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Page last updated at 11:46 GMT, Friday, 27 November 2009
Man's cashless year comes to end

Mark Boyle
Mark lived for a whole year without taking or spending any money

A man who set out to live cash-free for a year says his experiment has "gone really well".

Mark Boyle has been living in a caravan on a farm near Bath and says he has not spent any money.

He has been foraging for his food, using a solar-powered laptop, and making toothpaste from fishbones.

"I haven't received a penny and I haven't spent a penny - it has been completely cashless," he told BBC Bristol.

Before his year long attempt to live without money Mark had been managing food companies in Scotland and the west country.

But he switched to his life in a caravan and shunned the "wasteful culture we live in today".

Socially it was quite difficult to be honest - it was quite difficult to socialise in the same way.
Mark Boyle

"There's people starving the other side of the world and people who die for wanting basic medicines, food and clean water.

"We're over here in the West spending crazy amounts of money on complete luxuries."

Mark said the year had been very positive but that it did have its down moments.

"People always ask me that question, what is the hardest part or what was the most down part, but actually it has been a really uplifting year for me.

"Socially it was quite difficult to be honest - it was quite difficult to socialise in the same way. That bought up some hidden emotions that you deal with yourself in long evenings.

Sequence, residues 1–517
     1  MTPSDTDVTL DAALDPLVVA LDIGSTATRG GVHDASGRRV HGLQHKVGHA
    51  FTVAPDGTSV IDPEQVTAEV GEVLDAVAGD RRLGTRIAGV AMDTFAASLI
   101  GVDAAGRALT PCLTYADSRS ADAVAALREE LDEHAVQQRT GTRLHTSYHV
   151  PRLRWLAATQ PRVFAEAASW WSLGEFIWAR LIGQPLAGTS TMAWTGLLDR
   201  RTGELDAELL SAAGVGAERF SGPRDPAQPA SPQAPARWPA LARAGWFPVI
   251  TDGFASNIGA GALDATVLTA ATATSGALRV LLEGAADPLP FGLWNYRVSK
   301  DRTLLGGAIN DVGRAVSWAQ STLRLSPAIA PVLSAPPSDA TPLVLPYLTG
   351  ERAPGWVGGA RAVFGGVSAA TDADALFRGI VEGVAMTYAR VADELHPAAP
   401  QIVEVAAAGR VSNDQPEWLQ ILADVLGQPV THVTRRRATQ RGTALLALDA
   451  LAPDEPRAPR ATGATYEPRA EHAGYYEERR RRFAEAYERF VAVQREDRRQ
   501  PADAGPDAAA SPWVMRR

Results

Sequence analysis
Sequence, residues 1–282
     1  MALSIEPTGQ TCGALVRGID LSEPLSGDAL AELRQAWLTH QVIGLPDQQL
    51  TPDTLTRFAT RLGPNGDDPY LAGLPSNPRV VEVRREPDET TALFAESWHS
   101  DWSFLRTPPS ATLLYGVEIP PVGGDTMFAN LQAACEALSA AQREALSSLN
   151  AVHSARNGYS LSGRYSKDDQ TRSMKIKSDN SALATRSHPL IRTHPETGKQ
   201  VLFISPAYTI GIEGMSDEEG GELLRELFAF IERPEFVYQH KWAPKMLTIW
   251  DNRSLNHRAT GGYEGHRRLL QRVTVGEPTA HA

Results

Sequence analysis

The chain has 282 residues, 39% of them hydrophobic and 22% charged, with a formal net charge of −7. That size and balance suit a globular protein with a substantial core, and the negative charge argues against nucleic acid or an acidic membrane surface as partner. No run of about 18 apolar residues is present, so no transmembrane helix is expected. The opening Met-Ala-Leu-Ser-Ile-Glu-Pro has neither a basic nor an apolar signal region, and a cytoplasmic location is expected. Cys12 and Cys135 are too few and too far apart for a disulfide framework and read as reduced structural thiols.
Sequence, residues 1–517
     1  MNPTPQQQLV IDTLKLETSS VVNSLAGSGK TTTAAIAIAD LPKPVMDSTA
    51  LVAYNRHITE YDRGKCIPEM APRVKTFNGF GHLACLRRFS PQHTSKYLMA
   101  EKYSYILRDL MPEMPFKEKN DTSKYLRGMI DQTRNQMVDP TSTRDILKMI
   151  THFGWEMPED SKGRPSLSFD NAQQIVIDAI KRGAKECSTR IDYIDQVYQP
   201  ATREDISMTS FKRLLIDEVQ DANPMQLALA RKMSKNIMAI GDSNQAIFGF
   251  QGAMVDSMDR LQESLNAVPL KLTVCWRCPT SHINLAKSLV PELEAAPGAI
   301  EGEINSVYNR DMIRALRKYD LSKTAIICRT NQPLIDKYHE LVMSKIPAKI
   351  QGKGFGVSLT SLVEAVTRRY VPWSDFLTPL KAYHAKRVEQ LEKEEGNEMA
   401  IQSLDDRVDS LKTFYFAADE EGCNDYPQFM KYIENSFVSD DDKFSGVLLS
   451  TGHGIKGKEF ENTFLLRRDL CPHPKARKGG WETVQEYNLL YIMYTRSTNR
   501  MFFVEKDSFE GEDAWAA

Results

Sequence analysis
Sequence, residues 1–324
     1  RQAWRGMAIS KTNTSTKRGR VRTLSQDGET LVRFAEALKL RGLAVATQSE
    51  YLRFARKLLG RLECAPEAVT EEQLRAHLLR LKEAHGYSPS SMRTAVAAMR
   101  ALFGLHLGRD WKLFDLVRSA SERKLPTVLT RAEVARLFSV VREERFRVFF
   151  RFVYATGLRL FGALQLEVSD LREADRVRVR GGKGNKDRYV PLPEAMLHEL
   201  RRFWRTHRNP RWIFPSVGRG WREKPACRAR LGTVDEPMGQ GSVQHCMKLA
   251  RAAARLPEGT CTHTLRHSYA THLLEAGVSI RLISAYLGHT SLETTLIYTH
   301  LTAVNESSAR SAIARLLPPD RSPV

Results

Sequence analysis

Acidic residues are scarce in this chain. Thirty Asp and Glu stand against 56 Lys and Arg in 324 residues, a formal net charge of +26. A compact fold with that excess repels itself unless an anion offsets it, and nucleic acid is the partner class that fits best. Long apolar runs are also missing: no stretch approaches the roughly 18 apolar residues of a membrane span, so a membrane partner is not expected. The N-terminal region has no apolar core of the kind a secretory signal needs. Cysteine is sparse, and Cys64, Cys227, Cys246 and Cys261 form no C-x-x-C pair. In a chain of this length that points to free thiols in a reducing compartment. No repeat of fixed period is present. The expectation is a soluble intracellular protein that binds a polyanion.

"On the whole it has been fantastic [and I am] much happier than I used to be when I had money."

In the short term, Mark says he has no plans to return to a life of splashing out cash.

"I'm not going to go off to Broadmead on Monday morning on a shopping spree kind of compared to an alcoholic celebrating a year of sobriety by having a few whiskies.

Time out

"I have no plans for using money next week or the week after.

"I'm going to have to take some time out and think how I'm going to work this long term."

Mark said he wanted the overriding message from the past 12 months to be for people to "consume a bit less".

"I don't expect anyone to go to extremes that I've gone to this year but we've got things like the tipping point of climate change coming up and I think we all have got to take it seriously.

"I think we've all got to think about how much we consume - it's going to hit them [the next generation] a lot worse than our generation.

"So just use less resources, use less money and a bit more community is probably the message I'd give out."

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